Catamaran-type hulls are not new – they have been in use in ship-building since the Polynesians with their twin-canoe hulled sailing vessels dating back about 3000 years. They probably exploited many of the hull-type’s unique characteristics by creating wide, stable, seaworthy and easily powered vessels. The advantages of the catamaran hull-type include:
- Useful Deck Size: A power catamaran hull typically creates a deck that is 25%-30% wider than a similar length monohull. This additional, usable deck space allows additional cargo loading area for commercial vessels, more passenger seating space for ferries and more interior/deck/cockpit space for leisure vessels.
- Seaworthiness: The ride-comfort of a catamaran hull is significantly better than a monohull in any sea-state (other than dead calm where they are both similar). The high slenderness ratio of the individual hulls allows them to punch through waves resulting in lower vertical accelerations which are perceived as a softer and more comfortable ride.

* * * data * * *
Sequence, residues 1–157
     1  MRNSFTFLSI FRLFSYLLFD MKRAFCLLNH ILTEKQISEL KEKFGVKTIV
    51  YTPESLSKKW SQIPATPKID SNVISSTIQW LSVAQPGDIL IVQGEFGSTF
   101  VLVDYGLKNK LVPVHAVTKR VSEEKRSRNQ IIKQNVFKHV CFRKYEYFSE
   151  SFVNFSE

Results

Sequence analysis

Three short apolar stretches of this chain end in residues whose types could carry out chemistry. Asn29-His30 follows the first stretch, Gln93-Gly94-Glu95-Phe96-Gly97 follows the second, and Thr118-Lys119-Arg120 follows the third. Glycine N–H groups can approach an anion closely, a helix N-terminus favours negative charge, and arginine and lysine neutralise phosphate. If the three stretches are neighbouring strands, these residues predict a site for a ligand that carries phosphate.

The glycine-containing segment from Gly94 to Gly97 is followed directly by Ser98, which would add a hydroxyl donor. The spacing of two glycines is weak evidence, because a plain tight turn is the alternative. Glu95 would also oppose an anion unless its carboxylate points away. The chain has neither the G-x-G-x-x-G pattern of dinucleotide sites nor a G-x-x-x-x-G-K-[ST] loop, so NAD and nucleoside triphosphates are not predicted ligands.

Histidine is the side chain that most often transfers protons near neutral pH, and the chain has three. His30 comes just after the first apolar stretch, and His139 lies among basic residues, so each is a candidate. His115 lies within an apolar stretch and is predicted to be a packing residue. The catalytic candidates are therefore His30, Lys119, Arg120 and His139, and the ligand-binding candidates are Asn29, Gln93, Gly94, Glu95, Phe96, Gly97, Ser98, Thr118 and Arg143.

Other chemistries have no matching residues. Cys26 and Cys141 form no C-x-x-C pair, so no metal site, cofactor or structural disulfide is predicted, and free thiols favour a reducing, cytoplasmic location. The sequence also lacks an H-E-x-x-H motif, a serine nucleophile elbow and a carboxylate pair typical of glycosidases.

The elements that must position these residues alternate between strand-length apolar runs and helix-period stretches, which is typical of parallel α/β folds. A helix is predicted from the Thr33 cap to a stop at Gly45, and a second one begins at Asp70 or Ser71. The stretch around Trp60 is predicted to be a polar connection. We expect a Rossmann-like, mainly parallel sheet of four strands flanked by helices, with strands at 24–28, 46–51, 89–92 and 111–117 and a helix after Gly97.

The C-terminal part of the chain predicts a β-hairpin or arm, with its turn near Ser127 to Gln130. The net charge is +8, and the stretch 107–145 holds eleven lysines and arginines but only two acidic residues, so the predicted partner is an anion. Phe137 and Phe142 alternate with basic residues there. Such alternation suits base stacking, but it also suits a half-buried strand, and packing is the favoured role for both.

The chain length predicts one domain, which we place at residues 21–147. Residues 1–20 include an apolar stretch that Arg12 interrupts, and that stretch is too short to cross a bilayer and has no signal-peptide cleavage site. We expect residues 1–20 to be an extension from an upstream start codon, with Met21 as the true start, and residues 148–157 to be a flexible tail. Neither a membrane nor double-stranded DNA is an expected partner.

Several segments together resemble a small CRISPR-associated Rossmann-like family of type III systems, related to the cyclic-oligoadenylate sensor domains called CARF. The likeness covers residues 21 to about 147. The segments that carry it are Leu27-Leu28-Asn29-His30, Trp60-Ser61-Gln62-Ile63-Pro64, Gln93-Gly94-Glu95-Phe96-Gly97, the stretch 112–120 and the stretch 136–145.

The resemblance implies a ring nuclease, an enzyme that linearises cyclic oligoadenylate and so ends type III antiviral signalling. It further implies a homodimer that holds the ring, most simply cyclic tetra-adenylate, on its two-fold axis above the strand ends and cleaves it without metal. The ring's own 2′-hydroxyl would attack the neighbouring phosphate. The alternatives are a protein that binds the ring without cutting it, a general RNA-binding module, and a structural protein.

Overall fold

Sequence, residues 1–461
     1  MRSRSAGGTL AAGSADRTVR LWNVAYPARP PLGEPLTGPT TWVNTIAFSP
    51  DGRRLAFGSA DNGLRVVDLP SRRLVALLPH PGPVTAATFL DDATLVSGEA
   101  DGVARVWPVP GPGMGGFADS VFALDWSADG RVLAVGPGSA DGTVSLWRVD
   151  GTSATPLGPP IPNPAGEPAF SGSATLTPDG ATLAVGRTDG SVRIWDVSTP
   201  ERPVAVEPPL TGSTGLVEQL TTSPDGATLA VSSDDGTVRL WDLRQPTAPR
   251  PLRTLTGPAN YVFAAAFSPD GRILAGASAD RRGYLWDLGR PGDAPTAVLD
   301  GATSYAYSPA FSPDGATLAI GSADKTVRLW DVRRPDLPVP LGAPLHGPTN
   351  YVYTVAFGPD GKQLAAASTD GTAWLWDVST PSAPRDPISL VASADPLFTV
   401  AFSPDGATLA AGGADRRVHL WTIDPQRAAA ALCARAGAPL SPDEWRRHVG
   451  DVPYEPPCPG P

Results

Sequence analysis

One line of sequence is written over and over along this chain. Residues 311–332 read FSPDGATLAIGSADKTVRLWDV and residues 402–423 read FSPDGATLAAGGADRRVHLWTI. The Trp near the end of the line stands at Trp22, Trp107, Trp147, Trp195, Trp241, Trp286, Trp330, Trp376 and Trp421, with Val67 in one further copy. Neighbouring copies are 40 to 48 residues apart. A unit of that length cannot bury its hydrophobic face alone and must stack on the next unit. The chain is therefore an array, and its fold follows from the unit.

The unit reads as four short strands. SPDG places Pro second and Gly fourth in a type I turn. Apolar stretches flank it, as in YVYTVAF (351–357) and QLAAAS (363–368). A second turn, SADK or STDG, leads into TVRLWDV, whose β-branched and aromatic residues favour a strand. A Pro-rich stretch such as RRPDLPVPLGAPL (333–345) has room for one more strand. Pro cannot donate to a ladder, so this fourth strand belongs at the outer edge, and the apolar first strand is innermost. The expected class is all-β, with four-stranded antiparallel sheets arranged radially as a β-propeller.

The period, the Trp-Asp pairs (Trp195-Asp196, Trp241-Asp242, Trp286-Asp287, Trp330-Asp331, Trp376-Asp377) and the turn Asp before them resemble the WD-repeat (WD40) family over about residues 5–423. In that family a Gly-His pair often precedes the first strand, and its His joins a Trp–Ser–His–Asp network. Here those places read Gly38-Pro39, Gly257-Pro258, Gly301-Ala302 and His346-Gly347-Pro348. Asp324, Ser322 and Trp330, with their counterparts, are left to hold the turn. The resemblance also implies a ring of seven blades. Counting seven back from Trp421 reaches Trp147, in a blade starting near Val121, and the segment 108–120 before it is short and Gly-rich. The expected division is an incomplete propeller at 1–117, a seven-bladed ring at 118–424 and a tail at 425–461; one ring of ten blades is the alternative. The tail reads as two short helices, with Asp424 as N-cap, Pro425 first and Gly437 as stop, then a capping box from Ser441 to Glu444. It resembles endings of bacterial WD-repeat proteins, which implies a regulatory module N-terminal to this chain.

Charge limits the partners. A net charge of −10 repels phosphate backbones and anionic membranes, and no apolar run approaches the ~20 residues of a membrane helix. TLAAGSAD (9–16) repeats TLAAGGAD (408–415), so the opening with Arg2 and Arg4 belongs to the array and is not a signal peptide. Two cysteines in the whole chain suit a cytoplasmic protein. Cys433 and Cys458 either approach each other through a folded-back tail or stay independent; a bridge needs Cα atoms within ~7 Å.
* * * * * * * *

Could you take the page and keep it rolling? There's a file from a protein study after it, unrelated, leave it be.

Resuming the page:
- Safety: Due to their wider beams and buoyancy being largely concentrated near the beam limits of the vessel, they have a higher inherent stability than monohulls – there is far less healing due to side-imposed loads (such as wind forces) or load movement on-board (such as passenger movements to one side). Catamaran hulls inherently provide compartmentalised buoyancy – damage one hull and the other will still provide reserve buoyancy. Normally each hull is divided into several watertight compartments which help increase damage-tolerance.
- Wake Reduction: Wake size is of considerable importance due to shore-side wave disturbance when entering and leaving harbour or operating in river or estuarine environments. The wake size of a catamaran hull is considerably reduced compared to a similar size monohull due to its long slender hulls.
- Manoeuvrability: All larger catamarans (STEALTH technology works exclusively with catamarans in the 10m – 24m size range) have twin engine installations. With the engine spacing being further apart than on a monohull, controlled slow speed manoeuvring without bow thrusters is assured.